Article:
Dr. Anthony Fauci, director of the National Institute of Allergy and Infectious Diseases, told CNN’s Jim Sciutto on Wednesday he hopes Covid-19 vaccines will receive full FDA approval “very soon,” and that the FDA will work “as expeditiously as possible” on approval applications for coronavirus vaccines as they come in.
Progressing from authorized to approved would allow manufacturers to market and directly distribute their vaccines. It could also have an impact on vaccine mandates — and perhaps sway skeptics hesitant to get the vaccines now.
Currently, the three Covid-19 vaccines distributed in the United States — made by Pfizer/BioNTech, Moderna and Johnson & Johnson — are authorized, but not approved.
CNN has contacted Pfizer/BioNTech, Moderna and Johnson & Johnson — the most recent Covid-19 vaccine to be authorized — about their plans to apply for full approval of their vaccines. None provided a timeline.
The FDA also requires vaccine manufacturers to submit data to support their manufacturing processes, facilities, product characterization and demonstration that the vaccine can be produced reliably and consistently.
Once all of that is complete — both the clinical trials and manufacturing details — companies can submit a Biologics License Application or BLA to the FDA.
“FDA evaluates the data to determine whether the safety and effectiveness of the vaccine has been demonstrated and whether the manufacturing and facility information assure product quality and consistency. After its evaluation, FDA decides whether to approve (also known as to license) the vaccine for use in the United States.”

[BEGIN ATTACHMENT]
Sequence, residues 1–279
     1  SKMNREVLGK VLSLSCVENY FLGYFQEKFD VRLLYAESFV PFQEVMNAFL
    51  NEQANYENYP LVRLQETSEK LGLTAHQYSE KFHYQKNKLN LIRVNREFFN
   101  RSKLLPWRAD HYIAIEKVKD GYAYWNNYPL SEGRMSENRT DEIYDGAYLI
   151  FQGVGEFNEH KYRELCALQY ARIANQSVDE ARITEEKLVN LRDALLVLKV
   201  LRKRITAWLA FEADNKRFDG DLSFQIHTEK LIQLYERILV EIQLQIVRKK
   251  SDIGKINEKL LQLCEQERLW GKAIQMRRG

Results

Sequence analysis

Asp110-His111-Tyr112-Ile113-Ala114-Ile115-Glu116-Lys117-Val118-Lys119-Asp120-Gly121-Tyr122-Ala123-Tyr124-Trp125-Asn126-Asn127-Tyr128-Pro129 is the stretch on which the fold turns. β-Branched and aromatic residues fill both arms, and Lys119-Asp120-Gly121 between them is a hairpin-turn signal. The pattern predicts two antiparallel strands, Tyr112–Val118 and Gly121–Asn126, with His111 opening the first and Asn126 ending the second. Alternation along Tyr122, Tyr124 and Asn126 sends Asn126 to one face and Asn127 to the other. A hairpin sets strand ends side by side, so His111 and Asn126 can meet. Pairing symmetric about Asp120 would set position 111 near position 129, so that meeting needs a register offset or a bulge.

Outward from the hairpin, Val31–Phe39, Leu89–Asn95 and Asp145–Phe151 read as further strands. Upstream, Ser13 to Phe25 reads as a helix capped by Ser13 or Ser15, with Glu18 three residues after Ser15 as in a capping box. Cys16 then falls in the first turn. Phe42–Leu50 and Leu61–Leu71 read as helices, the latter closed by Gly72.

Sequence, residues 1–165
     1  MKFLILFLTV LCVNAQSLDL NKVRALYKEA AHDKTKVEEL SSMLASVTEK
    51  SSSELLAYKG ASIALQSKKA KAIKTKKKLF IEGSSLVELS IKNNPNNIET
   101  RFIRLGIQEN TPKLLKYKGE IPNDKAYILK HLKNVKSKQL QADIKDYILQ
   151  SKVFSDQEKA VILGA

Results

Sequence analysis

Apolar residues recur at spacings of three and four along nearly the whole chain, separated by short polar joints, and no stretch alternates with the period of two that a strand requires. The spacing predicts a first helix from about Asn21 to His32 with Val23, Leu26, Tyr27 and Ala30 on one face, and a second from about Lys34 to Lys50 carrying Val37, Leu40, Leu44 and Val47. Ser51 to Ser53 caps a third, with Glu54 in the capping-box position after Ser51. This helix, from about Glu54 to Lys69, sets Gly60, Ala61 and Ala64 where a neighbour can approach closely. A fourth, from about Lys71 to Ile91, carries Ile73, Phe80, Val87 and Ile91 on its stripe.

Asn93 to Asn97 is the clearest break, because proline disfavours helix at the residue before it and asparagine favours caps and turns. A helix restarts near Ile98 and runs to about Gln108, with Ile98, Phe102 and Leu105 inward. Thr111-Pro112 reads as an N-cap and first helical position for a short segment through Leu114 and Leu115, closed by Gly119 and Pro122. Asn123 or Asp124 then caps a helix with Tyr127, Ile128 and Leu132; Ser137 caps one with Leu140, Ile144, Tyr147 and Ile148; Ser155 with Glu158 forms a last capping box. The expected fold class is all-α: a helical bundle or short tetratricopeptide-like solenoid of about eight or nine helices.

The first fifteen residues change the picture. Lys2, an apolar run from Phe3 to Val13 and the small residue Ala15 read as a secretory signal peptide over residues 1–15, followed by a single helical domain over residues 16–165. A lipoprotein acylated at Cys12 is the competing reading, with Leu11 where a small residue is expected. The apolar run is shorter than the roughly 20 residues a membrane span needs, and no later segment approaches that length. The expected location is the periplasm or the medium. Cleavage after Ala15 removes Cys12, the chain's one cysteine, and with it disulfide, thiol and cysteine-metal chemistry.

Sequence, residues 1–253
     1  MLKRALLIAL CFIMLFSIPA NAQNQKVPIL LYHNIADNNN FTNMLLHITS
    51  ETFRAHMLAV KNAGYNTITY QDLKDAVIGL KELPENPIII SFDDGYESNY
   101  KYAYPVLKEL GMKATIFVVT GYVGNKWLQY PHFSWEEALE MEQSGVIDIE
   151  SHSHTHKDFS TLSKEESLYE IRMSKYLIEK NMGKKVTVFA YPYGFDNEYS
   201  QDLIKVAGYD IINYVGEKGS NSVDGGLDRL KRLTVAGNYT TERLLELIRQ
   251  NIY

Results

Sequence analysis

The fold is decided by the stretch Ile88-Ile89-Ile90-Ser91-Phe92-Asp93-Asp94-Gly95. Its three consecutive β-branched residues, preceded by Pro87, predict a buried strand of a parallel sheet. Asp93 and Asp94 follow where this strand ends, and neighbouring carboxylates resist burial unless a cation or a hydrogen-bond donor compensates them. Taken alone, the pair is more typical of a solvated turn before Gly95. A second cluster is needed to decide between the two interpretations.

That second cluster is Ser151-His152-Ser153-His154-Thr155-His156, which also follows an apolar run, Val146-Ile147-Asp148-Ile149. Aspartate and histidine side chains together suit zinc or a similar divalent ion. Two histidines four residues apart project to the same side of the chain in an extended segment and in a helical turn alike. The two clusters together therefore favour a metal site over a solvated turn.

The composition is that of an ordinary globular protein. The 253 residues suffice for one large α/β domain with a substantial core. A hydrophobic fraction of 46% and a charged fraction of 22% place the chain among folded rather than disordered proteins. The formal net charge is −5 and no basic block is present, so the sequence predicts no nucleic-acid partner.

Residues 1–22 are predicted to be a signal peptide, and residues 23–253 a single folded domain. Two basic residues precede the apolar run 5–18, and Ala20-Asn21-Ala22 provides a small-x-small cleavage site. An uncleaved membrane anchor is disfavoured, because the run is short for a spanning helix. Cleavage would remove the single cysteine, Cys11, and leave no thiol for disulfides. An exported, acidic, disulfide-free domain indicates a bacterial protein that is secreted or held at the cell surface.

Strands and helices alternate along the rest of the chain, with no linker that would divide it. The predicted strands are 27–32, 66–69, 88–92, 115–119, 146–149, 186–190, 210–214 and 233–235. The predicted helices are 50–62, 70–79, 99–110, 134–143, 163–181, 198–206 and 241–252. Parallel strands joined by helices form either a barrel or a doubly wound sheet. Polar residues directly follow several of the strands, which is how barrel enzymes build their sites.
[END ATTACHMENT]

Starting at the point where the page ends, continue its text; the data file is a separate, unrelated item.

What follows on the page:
After all, as spread of the virus is reduced, the nation may no longer be under an emergency situation and the vaccines will need a different type of green light under the FDA.
The agency is “the gold standard of a safety and regulatory organization throughout the world,” said Fauci, chief medical adviser to President Biden. “I hope they do it quickly.”
‘It will help show skeptics that the authorized Covid vaccines are safe’
A concern around authorized-but-unapproved vaccines hinges on vaccine hesitancy.
If history is any indication, skepticism — if not outright mistrust — about an unapproved vaccine is nothing new.
The researchers, from the University of Pittsburgh and the University of Georgia, found that about 77% of respondents would be moderately, very or extremely worried if offered an unapproved vaccine; some 63% said they would not take it.
But the study also found that there were some other key factors that would convince respondents that a vaccine authorized under an EUA was safe to use.
If the vaccine were administered by a public health professional, 55% of respondents said they would take it.
If it came with a fact sheet, just over 57% of those surveyed said they would get it.
If their own health care provider administered the vaccine, that number shot up to 68%.
“We should also pursue full Food and Drug Administration approval and expand covid vaccinations to youths,” Adams wrote in part.
“The individuals who got vaccinated early on were generally high risk and willing to take a vaccine authorized for emergency use. But many people who are lower risk understandably ask if the benefits justify taking a medication that has not received the full and traditional FDA stamp of approval,” he wrote. “As vaccine manufacturers complete further studies, which will eventually lead to expanded eligibility among minors, it will help show skeptics that the authorized covid vaccines are safe.”
Plans to require vaccines
Some organizations say they expect to require the vaccine, but have opted not to while it’s authorized and not yet fully approved.
“People, when they hear it’s still emergency use, they still have a little concern about how far you can go with it,” Fauci said on CNN Wednesday.